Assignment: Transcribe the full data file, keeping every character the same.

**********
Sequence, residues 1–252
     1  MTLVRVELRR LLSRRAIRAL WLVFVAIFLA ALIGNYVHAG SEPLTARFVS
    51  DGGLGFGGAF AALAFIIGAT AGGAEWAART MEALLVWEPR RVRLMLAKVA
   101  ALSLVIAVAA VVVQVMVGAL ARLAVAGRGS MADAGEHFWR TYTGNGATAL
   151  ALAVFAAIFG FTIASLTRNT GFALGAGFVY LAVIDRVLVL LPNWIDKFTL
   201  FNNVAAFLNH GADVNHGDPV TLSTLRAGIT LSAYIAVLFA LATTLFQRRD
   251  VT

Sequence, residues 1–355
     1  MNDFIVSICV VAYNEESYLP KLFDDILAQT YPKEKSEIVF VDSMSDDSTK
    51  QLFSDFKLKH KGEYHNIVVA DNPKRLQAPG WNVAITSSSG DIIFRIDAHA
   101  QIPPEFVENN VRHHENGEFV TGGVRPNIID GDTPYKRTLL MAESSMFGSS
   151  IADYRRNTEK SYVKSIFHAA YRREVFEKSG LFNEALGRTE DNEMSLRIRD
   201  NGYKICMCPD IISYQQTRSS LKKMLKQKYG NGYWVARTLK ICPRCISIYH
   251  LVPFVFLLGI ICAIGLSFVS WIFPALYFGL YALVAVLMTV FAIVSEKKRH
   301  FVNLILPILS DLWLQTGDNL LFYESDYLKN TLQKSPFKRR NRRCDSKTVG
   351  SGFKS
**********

Sequence, residues 1–252
     1  MTLVRVELRR LLSRRAIRAL WLVFVAIFLA ALIGNYVHAG SEPLTARFVS
    51  DGGLGFGGAF AALAFIIGAT AGGAEWAART MEALLVWEPR RVRLMLAKVA
   101  ALSLVIAVAA VVVQVMVGAL ARLAVAGRGS MADAGEHFWR TYTGNGATAL
   151  ALAVFAAIFG FTIASLTRNT GFALGAGFVY LAVIDRVLVL LPNWIDKFTL
   201  FNNVAAFLNH GADVNHGDPV TLSTLRAGIT LSAYIAVLFA LATTLFQRRD
   251  VT

Sequence, residues 1–355
     1  MNDFIVSICV VAYNEESYLP KLFDDILAQT YPKEKSEIVF VDSMSDDSTK
    51  QLFSDFKLKH KGEYHNIVVA DNPKRLQAPG WNVAITSSSG DIIFRIDAHA
   101  QIPPEFVENN VRHHENGEFV TGGVRPNIID GDTPYKRTLL MAESSMFGSS
   151  IADYRRNTEK SYVKSIFHAA YRREVFEKSG LFNEALGRTE DNEMSLRIRD
   201  NGYKICMCPD IISYQQTRSS LKKMLKQKYG NGYWVARTLK ICPRCISIYH
   251  LVPFVFLLGI ICAIGLSFVS WIFPALYFGL YALVAVLMTV FAIVSEKKRH
   301  FVNLILPILS DLWLQTGDNL LFYESDYLKN TLQKSPFKRR NRRCDSKTVG
   351  SGFKS